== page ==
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It’s no secret that ERP implementations require a dizzying array of skills and competencies. Organizations embarking on digital transformations are hard-pressed to assemble project teams that have a vision for how the business can evolve, have deep project management and ERP implementation experience, have business process reengineering and change management competencies, and have a host of other skill sets that are difficult for most organizations to develop internally.

Because of the challenges associated with assembling such a rare and broad set of collective skills, many organizations turn to outside companies to augment their internal skills with competencies that they don’t possess. Given the difficulty navigating these obstacles, here are a few tips to help you determine when it may be most appropriate to outsource your ERP implementation:

1.   Think about people and processes – not just technology. It can be easy to take a myopic view of ERP implementations, focusing almost exclusively on finding external pinch-hitters with software-specific functional and technical expertise. While these skills are important, they are also somewhat of a dime a dozen. Let’s face it: compared to the people and process aspects of an implementation, configuring and implementing ERP systems are fairly cut and dry propositions. Other parts of implementations – such as organizational change management, project management and business process reengineering – are much more difficult. These skill sets are harder to find. When looking for outside help, it is critical to find a partner that has a comprehensive skill set and methodology to help address all the critical aspects of a successful ERP implementation.

2.   When in doubt, business acumen should trump technical competencies. As mentioned above, functional and technical software skills are important but not nearly all-encompassing to an ERP implementation. We’ve found through our implementation and expert witness experiences that ERP success and failure typically has very little to do with how well these technical aspects were handled during the implementation. Instead, success or failure is more commonly determined by how the business components of an implementation are handled. More specifically, project management, change management and business process reengineering are three concrete examples of business skills that are critical to the overall success of the project. While the technical skills may seem more specialized and therefore more important – especially if you’re a CIO or IT manager – it’s actually the more intangible areas that will determine your project’s success or failure.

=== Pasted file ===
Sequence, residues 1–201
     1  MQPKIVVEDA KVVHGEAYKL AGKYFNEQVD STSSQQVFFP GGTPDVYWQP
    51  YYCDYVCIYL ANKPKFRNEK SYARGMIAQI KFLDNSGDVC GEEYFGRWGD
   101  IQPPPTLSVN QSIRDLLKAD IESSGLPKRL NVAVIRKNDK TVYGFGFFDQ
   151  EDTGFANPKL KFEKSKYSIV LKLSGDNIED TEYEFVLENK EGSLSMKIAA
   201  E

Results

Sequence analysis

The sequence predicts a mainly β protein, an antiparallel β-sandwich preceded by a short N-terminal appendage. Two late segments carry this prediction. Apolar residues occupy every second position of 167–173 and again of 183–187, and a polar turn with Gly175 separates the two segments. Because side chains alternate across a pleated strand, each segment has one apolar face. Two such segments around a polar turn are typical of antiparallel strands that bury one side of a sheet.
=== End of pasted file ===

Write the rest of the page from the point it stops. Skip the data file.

3.   You’ll never be able to (or want to) outsource everything. Some companies take more of a hands-off outsourcing approach. While you certainly want to rely on outside assistance wherever it makes sense, you won’t be successful if you don’t step up to the plate to provide a minimum level of internal support and skill sets. For example, outside consultants – no matter how talented they may be – can’t make decisions about how to run your business for you. In addition, they can’t tell you if the designed and delivered ERP system does exactly what you want it to. Only people within your organization can provide these inputs. Therefore, it is important to identify and recognize those skills and responsibilities that your internal team should provide versus those that can be outsourced to outside parties.

To take the above tips one step further, it can be helpful to conduct a gap analysis of the skills required for a successful ERP implementation versus the caliber of internal skills and competencies that you possess in-house. The biggest gaps are going to be the ones that you’ll most likely want to outsource to ERP consultants.

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